We dawdled down the Esk valley back to Langholm and got there in nice time to start cooking our tea of salmon with the final courgette fritters of the year.

With a four mile walk, a twenty mile bike ride and a twenty five mile drive, I am pretty confident that I did a day of good weather justice. Oh, and I mowed the middle lawn while the soup was cooking.

The flying bird of the day is just a glimpse of that annoying buzzard when it was flying around me.

Published by tootlepedal

Cyclist, retired teacher, curmudgeon, keen amateur photographer.

30 thoughts on “Up and down and round and round

  1. There are no words for the beauty in your pictures. Did your brother see those red and white mushrooms? I have only ever seen them in photos. The more I go looking at blogs the more I want to buy myself a jet so I can vacation everywhere!

  2. Some superb landscapes on your walk today helped by the good weather.
    We don’t seem to get any two days the same at the moment.

  3. The views from up on the hills are outstanding, and I am glad to see flowers still blooming even as October’s cold mornings touch the land.

    We are having unusually hot weather to kick off October. It is 86 degrees here this afternoon as registered on the porch thermometer in the shade. The same is forecast for tomorrow. From what I’ve been told, a high pressure dome is keeping smoke from fires up in the atmosphere. We had an orange sun for a while yesterday, and an orange moonrise. Today is fairly hazy and hot.

  4. The rocky hole in the ground is interesting. I wonder if it was a quarry.
    I liked all the views and the shots of the windmill going up. The blades are surprisingly long and they look flexible.
    I’m glad you were able to get a shot of the buzzard. It’s a good feeling when animals choose to pose.

      1. Same here. The last courgettes are still tiny and may not get there. You gave us the idea for courgettes fritters and they were delicious this summer. Glad Mrs T is up and about for a beautiful drive.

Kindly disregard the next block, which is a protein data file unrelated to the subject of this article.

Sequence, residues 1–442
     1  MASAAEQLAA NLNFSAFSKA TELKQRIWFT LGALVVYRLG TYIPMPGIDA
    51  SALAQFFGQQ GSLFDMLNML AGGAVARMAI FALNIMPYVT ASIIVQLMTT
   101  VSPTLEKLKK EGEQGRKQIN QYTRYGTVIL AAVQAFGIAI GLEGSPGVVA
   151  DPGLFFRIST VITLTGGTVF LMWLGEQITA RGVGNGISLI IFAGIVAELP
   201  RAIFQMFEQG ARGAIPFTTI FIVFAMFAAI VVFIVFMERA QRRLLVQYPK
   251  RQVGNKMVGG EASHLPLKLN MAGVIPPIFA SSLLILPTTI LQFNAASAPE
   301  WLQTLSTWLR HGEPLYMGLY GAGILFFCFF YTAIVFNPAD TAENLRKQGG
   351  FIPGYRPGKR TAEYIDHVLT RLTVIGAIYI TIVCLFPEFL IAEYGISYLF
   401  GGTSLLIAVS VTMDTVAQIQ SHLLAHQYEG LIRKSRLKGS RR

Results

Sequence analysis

5. You ably answered each question as I formulated them in my head:I wanted a closer view of the quarry; I wondered if you ever met people you know on your walks for they frequently appear as if you are the only one making use of those lovely pathways; and I was hoping to see the buzzard. The views you have shown us today are breathtakingly beautiful!

  6. This post has to rank with the very best of your copious output, I really enjoyed it from the start, but sad to get to the end. I’ll have to call you the bird whisperer from now on. I am so used to stopping and trying to get a photo of a perching buzzard, only for them to fly off at the last moment, Yet for you this buzzard stops for you to get his/her best side? What do you whisper? That white egret I told you about is still playing very hard to get. So far nothing but a tiny white speck in the distance. I am also very jealous of your walk up and down Timpson, my old knee would never take the strain. Fantastic pictures to boot! No pun intended (well you were on a walk). Cheers.

  7. Good things always come in threes and your day certainly did. Can just imagine Julie Andrews striding up those hills and singing’ The hills……..or is that you singing?! Splendid uplifting views from the tops of those hills and well worth getting up early to see them. Love the portrait of the little chaffinch.

  8. An archeological dig of ancient Warwickshire ruins fro the 12th century perhaps? A Mayan Temple?

    I like your aerial shots. You didn’t need a drone! You do have such lovely hills surrounding you. And such great paths to trod. Seems our landscape colors are reversed. Our hills are brown in summer for lack of rain. Then turn green as the downpours of rain commence. I’m looking forward to them.